With wireless and fast charging supported by default in the S6 range, there is also a strong probability that the S7 will also support them too. I just hope the LED on the S7’s wireless fast charger is removed (or can be disabled) as it can be pretty distracting at night.
Speculation around what silicon will power the S7 has also proved divisive. Prevailing wisdom has it that there will be two variants – An S7 with in-house developed Exynos silicon and the other using a Snapdragon 820.
Moving back to a Qualcom chip is interesting. By dumping Qualcomm with the S6 and opting for an in-house developed Exynos processor, Samsung may have dodged a bullet.
The 810 has been blighted by reports of overheating and mixed performance. While the 820 is said to pack more processing grunt than a free-range bacon factory, leaked benchmarks show Samsungs new Exynos to be a real powerhouse.
Other Bits and Bobs
It's also been rumoured that the Samsung Galaxy S7 will support USB Type-C, allowing it to charge faster and meaning you can plug the cable in either way round. This makes a lot of sense, as a growing number of phone makers are moving to USB C.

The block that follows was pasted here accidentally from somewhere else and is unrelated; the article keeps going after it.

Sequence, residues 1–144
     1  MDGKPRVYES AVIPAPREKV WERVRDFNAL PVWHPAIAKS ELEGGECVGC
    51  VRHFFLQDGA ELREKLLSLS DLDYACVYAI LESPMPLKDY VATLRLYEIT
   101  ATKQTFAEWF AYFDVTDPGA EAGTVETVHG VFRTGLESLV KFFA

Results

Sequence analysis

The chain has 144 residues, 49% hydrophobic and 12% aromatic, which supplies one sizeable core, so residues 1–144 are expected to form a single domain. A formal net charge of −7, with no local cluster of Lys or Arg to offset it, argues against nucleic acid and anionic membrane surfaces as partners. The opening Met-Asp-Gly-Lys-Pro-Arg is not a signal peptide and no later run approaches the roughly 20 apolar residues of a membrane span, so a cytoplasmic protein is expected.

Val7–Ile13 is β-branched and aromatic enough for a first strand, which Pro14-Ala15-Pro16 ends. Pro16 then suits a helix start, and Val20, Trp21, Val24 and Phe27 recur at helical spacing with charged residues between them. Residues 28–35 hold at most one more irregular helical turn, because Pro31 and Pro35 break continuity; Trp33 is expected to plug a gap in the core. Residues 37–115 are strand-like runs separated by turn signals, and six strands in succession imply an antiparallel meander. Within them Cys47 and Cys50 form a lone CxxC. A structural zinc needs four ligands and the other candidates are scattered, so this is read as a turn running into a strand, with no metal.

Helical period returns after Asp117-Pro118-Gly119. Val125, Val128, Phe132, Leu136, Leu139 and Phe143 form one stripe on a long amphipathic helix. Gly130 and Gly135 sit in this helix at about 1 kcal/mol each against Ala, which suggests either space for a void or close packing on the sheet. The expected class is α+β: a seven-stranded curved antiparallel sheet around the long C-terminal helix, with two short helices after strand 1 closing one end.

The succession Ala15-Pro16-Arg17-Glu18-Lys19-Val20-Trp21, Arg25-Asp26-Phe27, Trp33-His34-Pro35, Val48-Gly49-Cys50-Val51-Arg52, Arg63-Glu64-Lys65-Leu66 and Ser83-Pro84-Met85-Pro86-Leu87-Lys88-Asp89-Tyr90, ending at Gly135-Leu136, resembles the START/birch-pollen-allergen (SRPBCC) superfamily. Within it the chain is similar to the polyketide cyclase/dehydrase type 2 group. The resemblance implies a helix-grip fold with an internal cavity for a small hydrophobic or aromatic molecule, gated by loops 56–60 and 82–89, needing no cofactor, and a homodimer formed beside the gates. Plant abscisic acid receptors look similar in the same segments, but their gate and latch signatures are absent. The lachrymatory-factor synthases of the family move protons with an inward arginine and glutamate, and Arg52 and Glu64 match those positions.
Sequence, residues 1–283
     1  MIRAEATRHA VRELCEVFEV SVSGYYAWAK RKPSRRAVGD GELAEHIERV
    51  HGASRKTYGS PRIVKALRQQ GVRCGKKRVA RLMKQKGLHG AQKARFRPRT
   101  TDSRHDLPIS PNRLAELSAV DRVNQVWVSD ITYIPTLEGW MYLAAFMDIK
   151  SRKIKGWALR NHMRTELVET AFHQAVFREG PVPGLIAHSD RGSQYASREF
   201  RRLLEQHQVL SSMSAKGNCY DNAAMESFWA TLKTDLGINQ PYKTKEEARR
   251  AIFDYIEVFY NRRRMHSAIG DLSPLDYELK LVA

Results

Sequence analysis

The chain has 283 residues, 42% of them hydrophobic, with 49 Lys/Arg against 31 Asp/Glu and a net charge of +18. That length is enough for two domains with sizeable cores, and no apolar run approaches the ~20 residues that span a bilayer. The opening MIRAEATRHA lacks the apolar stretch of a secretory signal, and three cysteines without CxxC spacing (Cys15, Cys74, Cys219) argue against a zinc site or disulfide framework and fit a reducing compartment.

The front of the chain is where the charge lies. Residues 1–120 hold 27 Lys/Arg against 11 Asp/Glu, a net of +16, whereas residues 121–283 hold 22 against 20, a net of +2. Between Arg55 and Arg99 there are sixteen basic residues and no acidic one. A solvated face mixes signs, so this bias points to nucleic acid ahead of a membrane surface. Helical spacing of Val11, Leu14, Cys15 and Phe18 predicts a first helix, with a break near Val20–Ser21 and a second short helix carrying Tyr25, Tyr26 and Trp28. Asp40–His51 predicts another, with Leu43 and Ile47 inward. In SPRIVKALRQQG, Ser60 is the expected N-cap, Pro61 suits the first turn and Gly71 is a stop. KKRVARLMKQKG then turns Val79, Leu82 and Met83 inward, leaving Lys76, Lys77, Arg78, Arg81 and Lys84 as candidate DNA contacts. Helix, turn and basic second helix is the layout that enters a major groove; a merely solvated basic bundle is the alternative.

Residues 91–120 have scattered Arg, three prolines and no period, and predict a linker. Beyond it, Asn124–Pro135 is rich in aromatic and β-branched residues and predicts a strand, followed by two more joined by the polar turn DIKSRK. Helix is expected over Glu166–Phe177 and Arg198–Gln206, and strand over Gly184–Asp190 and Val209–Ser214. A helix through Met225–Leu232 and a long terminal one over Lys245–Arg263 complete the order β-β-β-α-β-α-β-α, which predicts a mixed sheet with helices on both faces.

One rumour that I’m hoping will pan out is that the S7 will have MicroSD support - up to 128GB of storage would be insanely handy. The flip side of this is that rumours have also surfaced of integrated internal storage topping out a 32GB or 64GB.
At the end of the day
Amongst all these rumours, one thing remains a fact. Speculation will continue to gather momentum the closer to the S7’s we get. Rumours will range from being outright wacky through to plausible.
Short of an S7 being left in a bar ahead of the launch, no one really knows definitively what goodness the S7 will bring. That is what makes all the conjecture so much fun.